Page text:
Reading Assessments: Which Ones Are Best to Use?

Giving assessments as a teacher is inevitable.  Although we dislike giving them, they provide helpful data and information that can drive our instruction.  We know that there are many different types of assessments:  formative, summative, exit tickets, etc.  Then there are also running records, guided reading assessments, benchmark assessments.  The list can go on and on.  Out of all of these assessments, which ones are the best to use?  Now, I can’t tell you to use this program or this exact text BUT I can give you three important factors to look at when evaluating reading assessments.  Here are three factors to look for in a strong reading assessment:

reading assessment

I’ve been around the teaching world long enough to know there isn’t such a thing as a ‘perfect’ assessment.  They all have flaws.  Why?  Because our students are not one size fits all!  We cannot truly tell how much a student knows and understands simply from a piece of paper.  I highly recommend all teachers and administrators evaluate the reading assessments they use (or create) before giving them to their students.  Here are some things to look for:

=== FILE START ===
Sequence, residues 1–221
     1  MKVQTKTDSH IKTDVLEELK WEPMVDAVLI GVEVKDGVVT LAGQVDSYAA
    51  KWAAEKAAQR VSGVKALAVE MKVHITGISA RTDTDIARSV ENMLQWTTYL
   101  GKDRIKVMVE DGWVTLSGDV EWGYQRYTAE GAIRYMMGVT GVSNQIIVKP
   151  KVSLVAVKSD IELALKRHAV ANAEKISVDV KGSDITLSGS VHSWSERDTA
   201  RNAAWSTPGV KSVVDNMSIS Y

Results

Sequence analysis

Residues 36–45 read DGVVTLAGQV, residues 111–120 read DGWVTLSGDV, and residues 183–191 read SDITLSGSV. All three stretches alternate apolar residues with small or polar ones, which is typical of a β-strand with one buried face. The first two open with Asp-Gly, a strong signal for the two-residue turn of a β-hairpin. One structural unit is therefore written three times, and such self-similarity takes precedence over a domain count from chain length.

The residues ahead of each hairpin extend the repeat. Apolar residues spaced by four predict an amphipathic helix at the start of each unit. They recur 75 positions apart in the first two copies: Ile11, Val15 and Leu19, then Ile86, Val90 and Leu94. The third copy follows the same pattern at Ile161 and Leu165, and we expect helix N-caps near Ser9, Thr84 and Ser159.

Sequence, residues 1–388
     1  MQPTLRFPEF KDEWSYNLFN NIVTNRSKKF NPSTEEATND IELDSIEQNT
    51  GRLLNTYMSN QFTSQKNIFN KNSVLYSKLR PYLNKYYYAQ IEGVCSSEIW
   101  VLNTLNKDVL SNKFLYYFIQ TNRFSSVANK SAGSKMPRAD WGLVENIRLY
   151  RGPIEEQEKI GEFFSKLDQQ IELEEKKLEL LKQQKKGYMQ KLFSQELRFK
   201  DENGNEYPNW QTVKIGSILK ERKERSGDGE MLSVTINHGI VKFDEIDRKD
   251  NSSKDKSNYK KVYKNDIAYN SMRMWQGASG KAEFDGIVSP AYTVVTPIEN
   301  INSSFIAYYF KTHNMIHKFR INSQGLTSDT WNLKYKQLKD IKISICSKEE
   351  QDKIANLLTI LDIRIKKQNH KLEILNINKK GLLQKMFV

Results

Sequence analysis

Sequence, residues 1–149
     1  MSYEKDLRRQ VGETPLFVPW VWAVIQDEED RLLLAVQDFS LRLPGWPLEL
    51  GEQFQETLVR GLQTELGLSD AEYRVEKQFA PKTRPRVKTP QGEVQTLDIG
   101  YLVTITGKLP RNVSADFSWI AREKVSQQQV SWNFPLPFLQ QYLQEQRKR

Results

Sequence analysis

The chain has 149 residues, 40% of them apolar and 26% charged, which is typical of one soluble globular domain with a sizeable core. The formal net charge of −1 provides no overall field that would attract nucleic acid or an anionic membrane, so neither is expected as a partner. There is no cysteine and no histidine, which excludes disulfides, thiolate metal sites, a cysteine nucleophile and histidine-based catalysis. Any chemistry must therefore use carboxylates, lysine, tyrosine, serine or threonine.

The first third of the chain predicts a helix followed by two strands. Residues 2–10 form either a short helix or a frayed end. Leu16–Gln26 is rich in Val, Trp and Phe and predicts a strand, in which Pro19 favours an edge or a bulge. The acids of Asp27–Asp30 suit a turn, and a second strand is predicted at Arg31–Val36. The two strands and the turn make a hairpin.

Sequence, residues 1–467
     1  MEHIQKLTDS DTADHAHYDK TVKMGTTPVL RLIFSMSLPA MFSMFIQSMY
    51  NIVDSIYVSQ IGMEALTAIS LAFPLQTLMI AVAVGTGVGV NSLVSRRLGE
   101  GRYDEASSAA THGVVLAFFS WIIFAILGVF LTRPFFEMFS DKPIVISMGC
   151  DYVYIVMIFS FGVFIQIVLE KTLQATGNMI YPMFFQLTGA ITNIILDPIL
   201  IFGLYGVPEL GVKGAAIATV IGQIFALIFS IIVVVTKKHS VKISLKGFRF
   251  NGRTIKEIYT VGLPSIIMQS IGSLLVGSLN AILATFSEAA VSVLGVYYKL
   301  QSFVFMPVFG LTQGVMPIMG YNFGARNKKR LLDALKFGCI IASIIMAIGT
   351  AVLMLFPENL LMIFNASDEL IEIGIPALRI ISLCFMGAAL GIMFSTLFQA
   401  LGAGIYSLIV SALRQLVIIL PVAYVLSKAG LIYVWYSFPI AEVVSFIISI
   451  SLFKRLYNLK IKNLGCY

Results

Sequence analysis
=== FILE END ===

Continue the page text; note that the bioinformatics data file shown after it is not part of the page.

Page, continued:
Reading Assessment Tip #1:

 Look for assessments that focus in-depth on one skill or strategy.  These are good to have in the classroom as they provide better data on whether or not a student truly understands the skills being taught.  Many reading curriculums come with weekly reading assessments but when you look closely, they assess a variety of things.  I would rather have one, in-depth assessment that shows me one skill and what the student can and cannot do with that skill.

What does this look like?  Well, look for an assessment that not only assesses the focus skill but also its prerequisite skills and connecting skills or strategies.  Many times when a student struggles with a skill, the skill itself isn’t the problem.   It’s what lies beneath that needs support.  For example, if a student struggles with main idea, it could be determining importance that needs reteaching.  Look for an assessment that gives a variety of complex questions so you can see exactly where the moment of confusion takes place.  Giving a range of easy questions to hard questions allows you to pinpoint exactly where misconceptions occur.  Then allowing you to create interventions to help the student with their specific needs.

If you don’t have or cannot use assessments like this, then there are a few things you can do to help.  Look at the assessment you have to give and evaluate the questions it’s asking.  Are there some you can eliminate and replace?  Which are more important?  Can you grade just those and use the others just as side data?  Figure out what is best on the assessment you have, how to make it better, and go from there.

Tip #2:

Open-ended questions are far superior to use than closed questions.  Check out my article about deep comprehension and open-ended questions if you need more information!  Open-ended questions allow the students to start from scratch when providing an answer.  Closed questions give prompts (multiple choice).  By using open-ended questions in assessments, we get a much better picture of what students truly understand.